Seems odd that there wasn't a bit more standardisation, but I'm sure there must have been reasons.
 

moldyoldy

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Lithium reserves were not quite the main topic of the post, but here some additional info
I've got an other source that says: "Safety issues are still a concern with automakers Honda Motor Co., Ltd. and Toyota Motor Corp., that have delayed launching lithium-ion hybrid vehicles into the market over concerns of continued lithium-ion battery instability, although their research continues." Source: http://minerals.usgs.gov/minerals/pubs/commodity/lithium/myb1-2007-lithi.pdf

The world production in 2007 was 25,000 t of Lithium, with estimated Reserves 4,100,000 and a Reserve base of 11,000,000. Sounds like there is quite some room to produce a few more batteries - especially considering that the Li from batteries can be recycled. Source:
http://minerals.usgs.gov/minerals/pubs/mcs/2008/mcs2008.pdf

Interesting data! Thanks!

As for the significance of the reserves cited, here is a quote from the Forbes article: ""Bill N. Reinert, national manager for Toyota's advanced technology group, predicts that lithium-ion batteries will be in vogue for only about a decade, after with the auto industry will switch to a lighter, more affordable solution...If people want an electric vehicle that goes 200 miles but doesn't cost $100,000, that's not lithium, that's something else".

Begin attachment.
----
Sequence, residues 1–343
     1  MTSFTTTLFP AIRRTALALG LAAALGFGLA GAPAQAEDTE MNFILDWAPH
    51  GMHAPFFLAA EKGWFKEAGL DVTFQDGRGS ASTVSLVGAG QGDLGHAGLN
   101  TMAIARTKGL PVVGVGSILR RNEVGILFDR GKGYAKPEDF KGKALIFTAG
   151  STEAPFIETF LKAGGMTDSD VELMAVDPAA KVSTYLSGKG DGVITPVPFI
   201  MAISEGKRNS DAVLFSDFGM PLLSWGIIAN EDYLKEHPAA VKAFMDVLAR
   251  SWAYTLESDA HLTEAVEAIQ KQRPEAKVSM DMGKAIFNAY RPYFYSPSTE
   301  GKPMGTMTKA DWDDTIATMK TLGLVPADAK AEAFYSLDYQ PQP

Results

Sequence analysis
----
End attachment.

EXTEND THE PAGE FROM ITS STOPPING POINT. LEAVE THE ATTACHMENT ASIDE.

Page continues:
Umm, well, perhaps a different perspective and apologies for being way off topic: it took a perceived need to build H-Bombs that eventually led to the lithium-something cells that we carry around today. What will have to happen to give us the "something else" chemistry anticipated by Mr. Reinert? As an ex-mil from the 60's and also having grown up in the 50's during the early Cold War by practicing diving under school-room desks "in case of", I am not sure I want to find out! I watched in-person as the __second__ shock wave that traveled around this planet from the largest nuclear weapon ever detonated (Soviet) pass across the recording barograph at my school. sobering!

back on topic: I believe that developments in LED technology will far outstrip developments in battery technology, as evinced by even the last 5 years of history.
 

moldyoldy

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Bolivia has a boatload -- 50% of the world's Li reserves. Now we just need another CIA sponsored revolution. LOL!

Impressive on the new source of Lithium - in the wrong part of the world again! The CIA does not have a lot of success in sponsoring revolutions, or conducting wars. Remember Air America.....

Instead of a revolution, I can contrain my use of Lithium cells! :)